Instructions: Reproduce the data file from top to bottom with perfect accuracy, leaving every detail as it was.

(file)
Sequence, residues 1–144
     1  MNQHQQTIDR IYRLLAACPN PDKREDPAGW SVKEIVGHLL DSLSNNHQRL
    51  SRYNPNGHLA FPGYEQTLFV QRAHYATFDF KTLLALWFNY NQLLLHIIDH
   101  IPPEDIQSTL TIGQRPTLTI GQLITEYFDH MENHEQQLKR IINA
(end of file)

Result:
Sequence, residues 1–144
     1  MNQHQQTIDR IYRLLAACPN PDKREDPAGW SVKEIVGHLL DSLSNNHQRL
    51  SRYNPNGHLA FPGYEQTLFV QRAHYATFDF KTLLALWFNY NQLLLHIIDH
   101  IPPEDIQSTL TIGQRPTLTI GQLITEYFDH MENHEQQLKR IINA